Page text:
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Organizational Options

Larry Constantine describes four organizational paradigms that characterize very different cultures [Constantine, 1993]. Each type of organization will respond differently to attempts to change the way work is done. To launch a software process improvement or culture change effort, first understand which model your organization is most like. Then select the approach most likely to be successful for inducing change in your climate. These are the paradigms Constantine identifies (see Fig. 1.2):

  • Closed: A traditional hierarchy of authority, with decisions usually imposed by those above you on the organization chart; such organizations are oriented toward stability and continuity.
  • Open: Integrates stability with innovation, and individual with collective interests; adaptive collaboration, flexibility, and consensus-building are typical characteristics; change likely will succeed, provided that the team members participate in the decision-making, planning, and implementation.
  • Random: Characterized by innovative individuals who go their own ways; change proceeds through creative autonomy; team members can be creative and energetic, but definitely are individuals.
  • Synchronous: Features harmonious alignment of individuals with a shared vision of goals and methods, where rocking the boat is frowned on; the shared culture focuses on the status quo, with little conflict or chaos; groups operate efficiently through tacit agreement on roles and responsibilities.

    Figure 1.2

    Figure 1.2: Characteristics of Constantine’s four organizational paradigms.

It is not so much that any one of these organizational cultures is superior to the rest but that different change techniques are likely to succeed in the different environments. Also, the different cultures demand different leadership styles [Constantine, 1995].

Perhaps the best fusion of attributes selected from among these paradigms is found in the structured open team. Table 1.1 lists some of the special characteristics of a structured open team [Constantine, 1993]. The culture embodied in such a team is more likely to enable consistent software engineering excellence than is the culture in any of the four basic organizational types.

Table 1.1. Characteristics of a Structured Open Team.

  • A catalog of essential team roles
  • Formal specification and institutionalization of functional roles, so everyone knows what someone playing one of these roles is expected to do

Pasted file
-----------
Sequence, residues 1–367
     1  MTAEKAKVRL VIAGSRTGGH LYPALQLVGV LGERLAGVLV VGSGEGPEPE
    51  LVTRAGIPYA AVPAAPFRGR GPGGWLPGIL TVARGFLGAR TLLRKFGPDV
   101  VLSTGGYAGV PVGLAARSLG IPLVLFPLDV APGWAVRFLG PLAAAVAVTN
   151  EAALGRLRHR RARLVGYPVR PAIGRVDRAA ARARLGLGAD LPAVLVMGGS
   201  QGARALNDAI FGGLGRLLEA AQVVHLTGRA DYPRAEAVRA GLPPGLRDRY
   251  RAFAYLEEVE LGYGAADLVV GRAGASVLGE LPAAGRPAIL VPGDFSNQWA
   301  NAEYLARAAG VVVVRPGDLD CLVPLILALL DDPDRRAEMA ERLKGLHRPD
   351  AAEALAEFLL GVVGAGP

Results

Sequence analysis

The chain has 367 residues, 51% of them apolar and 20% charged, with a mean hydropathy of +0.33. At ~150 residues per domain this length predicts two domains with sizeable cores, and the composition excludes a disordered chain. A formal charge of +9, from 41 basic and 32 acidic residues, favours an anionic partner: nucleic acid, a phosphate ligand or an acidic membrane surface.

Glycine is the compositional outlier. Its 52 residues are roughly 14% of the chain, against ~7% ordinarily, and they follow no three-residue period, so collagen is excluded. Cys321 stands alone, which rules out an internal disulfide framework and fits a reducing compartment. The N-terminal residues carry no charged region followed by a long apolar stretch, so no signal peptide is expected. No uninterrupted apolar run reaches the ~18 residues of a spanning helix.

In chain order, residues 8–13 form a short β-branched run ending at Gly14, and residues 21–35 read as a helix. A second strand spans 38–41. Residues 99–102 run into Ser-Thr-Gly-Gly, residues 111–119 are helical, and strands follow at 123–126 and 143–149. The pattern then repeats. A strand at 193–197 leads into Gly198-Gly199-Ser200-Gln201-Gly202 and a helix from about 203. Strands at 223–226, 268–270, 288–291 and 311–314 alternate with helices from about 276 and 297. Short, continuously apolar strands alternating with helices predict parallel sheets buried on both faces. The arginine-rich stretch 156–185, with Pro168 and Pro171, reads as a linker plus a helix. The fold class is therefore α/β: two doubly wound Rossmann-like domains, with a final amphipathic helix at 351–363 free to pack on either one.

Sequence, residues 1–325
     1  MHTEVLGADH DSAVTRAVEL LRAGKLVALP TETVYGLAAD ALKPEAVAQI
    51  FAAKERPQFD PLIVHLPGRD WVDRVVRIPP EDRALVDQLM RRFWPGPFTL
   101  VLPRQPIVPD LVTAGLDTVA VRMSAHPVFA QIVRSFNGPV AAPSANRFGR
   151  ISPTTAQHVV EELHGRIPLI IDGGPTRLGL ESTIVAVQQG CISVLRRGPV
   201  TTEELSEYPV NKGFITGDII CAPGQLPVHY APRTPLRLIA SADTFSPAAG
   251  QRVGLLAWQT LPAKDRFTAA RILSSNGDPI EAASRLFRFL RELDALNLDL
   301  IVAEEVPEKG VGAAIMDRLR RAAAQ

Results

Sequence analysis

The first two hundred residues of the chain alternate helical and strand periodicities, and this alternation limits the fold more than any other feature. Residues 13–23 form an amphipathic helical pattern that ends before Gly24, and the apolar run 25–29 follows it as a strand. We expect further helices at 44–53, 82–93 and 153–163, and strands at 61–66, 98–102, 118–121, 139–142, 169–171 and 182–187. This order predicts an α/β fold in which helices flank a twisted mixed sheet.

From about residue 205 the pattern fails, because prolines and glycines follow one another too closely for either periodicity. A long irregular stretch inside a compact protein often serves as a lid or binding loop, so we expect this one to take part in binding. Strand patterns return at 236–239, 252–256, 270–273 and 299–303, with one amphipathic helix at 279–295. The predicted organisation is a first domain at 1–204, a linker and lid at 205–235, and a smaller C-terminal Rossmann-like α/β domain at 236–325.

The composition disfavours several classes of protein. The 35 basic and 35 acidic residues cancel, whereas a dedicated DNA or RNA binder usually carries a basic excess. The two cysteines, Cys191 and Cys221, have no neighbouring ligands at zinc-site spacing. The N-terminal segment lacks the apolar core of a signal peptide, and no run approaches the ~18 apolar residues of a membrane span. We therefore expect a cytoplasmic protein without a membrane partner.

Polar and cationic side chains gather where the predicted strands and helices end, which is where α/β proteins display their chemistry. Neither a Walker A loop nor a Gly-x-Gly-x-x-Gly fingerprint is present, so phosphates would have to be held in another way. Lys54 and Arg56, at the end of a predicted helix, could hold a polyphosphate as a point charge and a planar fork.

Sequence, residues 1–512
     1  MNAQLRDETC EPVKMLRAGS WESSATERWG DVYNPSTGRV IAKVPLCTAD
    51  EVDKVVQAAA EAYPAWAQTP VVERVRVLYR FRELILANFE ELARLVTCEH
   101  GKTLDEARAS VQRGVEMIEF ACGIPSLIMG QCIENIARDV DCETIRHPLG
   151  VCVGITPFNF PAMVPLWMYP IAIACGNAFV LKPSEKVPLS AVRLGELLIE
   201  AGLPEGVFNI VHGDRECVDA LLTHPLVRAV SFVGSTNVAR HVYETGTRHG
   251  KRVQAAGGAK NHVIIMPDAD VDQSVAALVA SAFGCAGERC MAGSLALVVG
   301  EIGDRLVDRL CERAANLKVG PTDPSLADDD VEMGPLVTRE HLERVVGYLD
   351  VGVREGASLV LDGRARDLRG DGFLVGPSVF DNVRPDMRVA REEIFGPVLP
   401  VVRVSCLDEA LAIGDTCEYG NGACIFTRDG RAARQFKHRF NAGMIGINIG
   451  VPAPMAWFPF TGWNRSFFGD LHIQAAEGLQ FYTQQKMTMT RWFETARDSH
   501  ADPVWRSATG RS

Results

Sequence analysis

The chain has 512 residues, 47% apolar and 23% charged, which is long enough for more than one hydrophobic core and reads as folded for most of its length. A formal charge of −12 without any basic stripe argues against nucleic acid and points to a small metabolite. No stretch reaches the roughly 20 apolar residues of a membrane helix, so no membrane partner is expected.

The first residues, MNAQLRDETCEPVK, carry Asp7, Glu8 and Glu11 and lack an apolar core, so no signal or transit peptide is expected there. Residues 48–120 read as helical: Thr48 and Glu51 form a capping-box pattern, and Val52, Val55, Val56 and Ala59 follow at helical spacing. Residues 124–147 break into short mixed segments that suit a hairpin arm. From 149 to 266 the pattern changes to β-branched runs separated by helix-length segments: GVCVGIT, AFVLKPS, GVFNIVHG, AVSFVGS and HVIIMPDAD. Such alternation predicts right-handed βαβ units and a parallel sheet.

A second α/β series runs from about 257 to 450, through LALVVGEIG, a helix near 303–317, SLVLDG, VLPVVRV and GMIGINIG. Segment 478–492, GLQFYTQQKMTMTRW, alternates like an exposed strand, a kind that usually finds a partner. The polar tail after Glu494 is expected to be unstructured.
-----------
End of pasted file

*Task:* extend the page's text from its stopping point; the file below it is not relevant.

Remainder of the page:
• Default assignment of roles to individuals to assure that essential functions are performed
  • Rotation of roles to promote flexibility and skill acquisition
  • A structured, externalized group memory for information management
  • Clear, simple external accountability
  • Technical consensus-building, not majority decisionmaking
  • Promotion of personal ownership of work products

In a workshop Constantine presented on team composition and roles, he did not identify the presence of a leader as one of the distinguishing features of a team. While teams in some cultures can be successful without a leader, I believe an insightful, visionary, decisive, and sensitive leader can have an enormous positive impact on the effectiveness and group dynamics of most teams. Conversely, a team without such a leader might well turn into an unfocused group of individuals doing their own work as well as they can, with interpersonal problems going unresolved, resources applied inefficiently and to the wrong efforts, and results determined solely by individual capabilities and work ethics.

If you can find a group of talented individuals who interact effectively on a peer-to-peer basis in a self-managed team, that’s terrific. Even on such a team, one person often emerges naturally as a de facto leader. Sometimes, multiple leaders emerge in various domains, with different individuals leading technical, organizational, administrative, and communication aspects of the work. A dynamic leader can be the dominant factor in getting a struggling group to jell and focus on a culture of taking the right actions at the right times for the right reasons.

Other models of culture in software organizations have also been proposed. In The Olduvai Imperative, Peter DeGrace and Leslie Hulet Stahl describe two opposing cultural views of software engineering, which they term “Roman” and “Greek” [DeGrace, 1993]. The Roman view reflects the characteristics of many larger, older development organizations. Greek thinking is more likely to be found in smaller, more dynamic software shops. Table 1.2 summarizes some of the attributes of these two cultural modes. Driving change in these two types of organizations will require very different approaches.

Table 1.2. Aspects of “Roman” versus “Greek” Software Engineering Cultures.

The Roman Way

The Greek Way

  • Structured methods
  • Object-oriented methods
  • More formality
  • Less formality
  • Excessively large programs
  • Small scale programs
  • Computer-aided software engineering tools
  • Individual preferences in methods
  • Standards that induce conformity
  • Standards that enable uniformity
  • Strictly managed software projects
  • Undermanaged projects
  • Left-brain thinking
  • Right-brain thinking
  • Volumes of low-quality documentation
  • Minimum documentation
  • Manages the projects
  • Writes the programs
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